Towards Storage-Based Convergence Between HPC and Big Data

Research topic and goals

The ever-increasing computing power available on HPC platforms raises major challenges for the underlying storage systems, both in terms of I/O performance requirements and scalability. Metadata management has been identified as a key factor limiting the performance of POSIX file systems. Due to their lower metadata overhead, Blobs (Binary Large Objects) have been proposed as an alternative to traditional POSIX file systems for answering the storage needs of data-intensive HPC applications. Yet, the interest for blobs spans far beyond HPC, as they are also used as a low-level primitive for providing higher-level storage abstractions such as key-value stores or relational databases in cloud environments.

We explore the following question: could Blobs be an enabling factor for storage convergence between both worlds? The objective is to leverage standard benchmarks for Big Data as well as real-world HPC applications to answer the question. Through extensive experiments, we seek to prove that blobs are a solid base for HPC and Big Data storage convergence, by demonstrating that the same storage systems (namely RADOS and Týr) applied in both contexts can yield significant performance advantages over the state of the art on both sides. This work is done in collaboration with ANL, UPM (Spain) and DKRZ (Germany).

Leveraging on the previous goal, we intend to further demonstrate the applicability of Blobs on HPC context, which is less studied in the literature. For that matter, we focus on one use-case, distributed logging. We prove that this can bring highly-efficient support for applications such as computational steering, while offering unprecedented scalability on large-scale platforms. We leverage the local storage on the Theta supercomputer to deploy the storage system directly on the compute nodes.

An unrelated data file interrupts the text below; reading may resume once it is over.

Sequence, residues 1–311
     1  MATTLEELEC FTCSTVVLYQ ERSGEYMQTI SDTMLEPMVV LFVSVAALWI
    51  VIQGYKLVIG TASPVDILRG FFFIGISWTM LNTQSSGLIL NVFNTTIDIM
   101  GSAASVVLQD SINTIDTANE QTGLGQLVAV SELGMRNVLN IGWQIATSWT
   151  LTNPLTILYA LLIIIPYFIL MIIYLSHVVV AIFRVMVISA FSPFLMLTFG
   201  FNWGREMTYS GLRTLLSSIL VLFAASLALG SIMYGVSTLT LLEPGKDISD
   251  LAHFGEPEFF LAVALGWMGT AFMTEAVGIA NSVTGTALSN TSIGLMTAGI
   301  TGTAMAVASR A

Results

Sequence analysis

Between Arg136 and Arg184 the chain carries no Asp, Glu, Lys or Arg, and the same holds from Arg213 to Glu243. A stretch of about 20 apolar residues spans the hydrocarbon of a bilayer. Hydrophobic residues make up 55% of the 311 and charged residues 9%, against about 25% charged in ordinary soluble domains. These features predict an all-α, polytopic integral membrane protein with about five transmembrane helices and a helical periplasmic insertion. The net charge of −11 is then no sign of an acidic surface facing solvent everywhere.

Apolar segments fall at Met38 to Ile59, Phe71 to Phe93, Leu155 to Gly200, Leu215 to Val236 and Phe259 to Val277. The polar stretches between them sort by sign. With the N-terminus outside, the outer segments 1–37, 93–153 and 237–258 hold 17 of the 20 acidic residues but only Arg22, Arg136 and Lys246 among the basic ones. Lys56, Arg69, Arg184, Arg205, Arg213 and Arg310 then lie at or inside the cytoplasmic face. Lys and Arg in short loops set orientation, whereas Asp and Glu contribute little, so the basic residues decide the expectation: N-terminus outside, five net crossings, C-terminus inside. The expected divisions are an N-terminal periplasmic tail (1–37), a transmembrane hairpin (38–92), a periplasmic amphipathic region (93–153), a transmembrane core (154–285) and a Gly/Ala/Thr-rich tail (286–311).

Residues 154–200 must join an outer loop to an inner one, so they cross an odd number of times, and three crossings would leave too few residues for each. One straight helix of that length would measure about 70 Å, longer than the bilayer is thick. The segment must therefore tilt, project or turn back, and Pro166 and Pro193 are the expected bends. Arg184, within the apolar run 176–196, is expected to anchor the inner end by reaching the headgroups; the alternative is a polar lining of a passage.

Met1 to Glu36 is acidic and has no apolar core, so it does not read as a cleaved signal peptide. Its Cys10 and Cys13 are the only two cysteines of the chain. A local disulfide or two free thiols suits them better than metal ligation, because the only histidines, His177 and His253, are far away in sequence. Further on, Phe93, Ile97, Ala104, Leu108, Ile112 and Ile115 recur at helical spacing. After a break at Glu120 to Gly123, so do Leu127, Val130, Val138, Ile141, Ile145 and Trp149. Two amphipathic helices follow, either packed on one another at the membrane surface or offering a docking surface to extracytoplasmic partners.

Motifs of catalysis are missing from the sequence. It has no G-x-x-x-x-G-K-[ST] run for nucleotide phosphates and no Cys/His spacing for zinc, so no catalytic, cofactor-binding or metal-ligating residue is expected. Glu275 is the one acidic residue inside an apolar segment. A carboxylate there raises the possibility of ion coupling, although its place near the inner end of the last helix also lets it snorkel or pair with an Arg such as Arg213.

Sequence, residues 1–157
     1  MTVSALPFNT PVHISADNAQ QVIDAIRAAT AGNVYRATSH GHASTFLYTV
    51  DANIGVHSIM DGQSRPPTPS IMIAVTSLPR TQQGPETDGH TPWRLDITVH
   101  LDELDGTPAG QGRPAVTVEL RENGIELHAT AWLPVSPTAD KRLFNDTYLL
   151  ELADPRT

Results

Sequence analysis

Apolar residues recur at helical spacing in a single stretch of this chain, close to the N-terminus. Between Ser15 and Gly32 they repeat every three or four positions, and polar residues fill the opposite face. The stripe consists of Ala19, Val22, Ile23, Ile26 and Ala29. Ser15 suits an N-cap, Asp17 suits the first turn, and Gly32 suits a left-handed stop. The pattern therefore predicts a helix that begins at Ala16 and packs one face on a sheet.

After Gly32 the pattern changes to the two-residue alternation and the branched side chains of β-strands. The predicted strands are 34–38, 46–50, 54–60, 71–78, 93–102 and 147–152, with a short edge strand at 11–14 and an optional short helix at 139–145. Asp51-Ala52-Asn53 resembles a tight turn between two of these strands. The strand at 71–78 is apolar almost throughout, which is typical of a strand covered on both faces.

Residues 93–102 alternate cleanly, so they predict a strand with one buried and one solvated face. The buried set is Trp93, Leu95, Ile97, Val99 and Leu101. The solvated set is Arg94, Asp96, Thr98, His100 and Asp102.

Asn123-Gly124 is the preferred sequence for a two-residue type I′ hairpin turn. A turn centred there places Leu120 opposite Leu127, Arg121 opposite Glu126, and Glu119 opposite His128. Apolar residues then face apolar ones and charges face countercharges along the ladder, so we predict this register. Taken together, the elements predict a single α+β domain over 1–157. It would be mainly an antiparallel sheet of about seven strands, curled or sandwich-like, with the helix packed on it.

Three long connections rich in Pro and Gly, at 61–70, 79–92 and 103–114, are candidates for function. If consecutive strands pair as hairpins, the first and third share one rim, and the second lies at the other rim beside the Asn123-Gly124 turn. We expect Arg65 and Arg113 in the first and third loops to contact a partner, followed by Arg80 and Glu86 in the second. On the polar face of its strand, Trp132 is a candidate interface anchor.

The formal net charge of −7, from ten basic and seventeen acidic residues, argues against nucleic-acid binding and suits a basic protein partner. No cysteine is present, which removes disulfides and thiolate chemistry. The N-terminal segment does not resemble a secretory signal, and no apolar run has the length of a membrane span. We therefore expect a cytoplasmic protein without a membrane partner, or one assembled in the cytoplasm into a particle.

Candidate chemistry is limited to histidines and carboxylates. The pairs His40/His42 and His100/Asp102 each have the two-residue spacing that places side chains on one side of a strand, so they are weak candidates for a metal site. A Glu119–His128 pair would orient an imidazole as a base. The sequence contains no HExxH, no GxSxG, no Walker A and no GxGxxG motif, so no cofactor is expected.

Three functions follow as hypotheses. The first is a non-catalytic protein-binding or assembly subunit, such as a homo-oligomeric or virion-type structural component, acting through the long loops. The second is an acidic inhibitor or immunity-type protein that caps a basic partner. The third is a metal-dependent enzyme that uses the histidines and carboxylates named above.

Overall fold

Finally, we seek to prove that such convergence does not impact support for legacy applications that make use of POSIX semantics. This is critical for a range of large HPC applications which can not be easily modified to make use of new storage paradigms such as blobs. We demonstrate that it is possible to mount a thin POSIX-compliant file system interface atop Týr to offer such support for legacy applications. Additionally, we prove that such file system layer does not significantly impact performance compared to traditional parallel file systems.

Results for 2017/2018

The first sub-goal lead to an extensive research leveraging a set of 5 benchmarks for Spark Bench as well as 4 real-world data-intensive HPC applications. The results show that all 4 applications are able to work unmodified atop object storage. More importantly, they show that the same storage systems (Týr or RADOS) can be used for both HPC and Big Data contexts, and on both show significant performance advantages. This clearly confirms the applicability and relevance of blob-based storage in a storage convergence context. These results have been published as a preliminary publication in the Cluster 2017 conference (Matri et al. 2017).

The second sub-goal was achieved through a 3-month visit of Pierre Matri (Inria) at ANL, under the direct supervision of Philip Carns and Rob Ross. Through extensive experiments on the Theta supercomputer, we did demonstrate the performance benefits of using blobs for distributed logging on HPC. We also showed that the near-limitless scaling of blob storage systems brings significant performance benefits at large scale when compared to traditional, file-based storage.

The third sub-goal was achieved by developing a file system prototype named TýrFS, working as a thin layer between Týr and the application. This demonstration demonstrated the performance benefits of such approach in a converging use-case, on both HPC and Big Data applicative contexts. In particular, relying on various optimisations for small files, TýrFS has been shown to outperform OrangeFS, Lustre, HDFS and Ceph by more than one order of magnitude with such workload. These results have been accepted for publication in the CCGrid 2018 conference (Matri et al. 2018).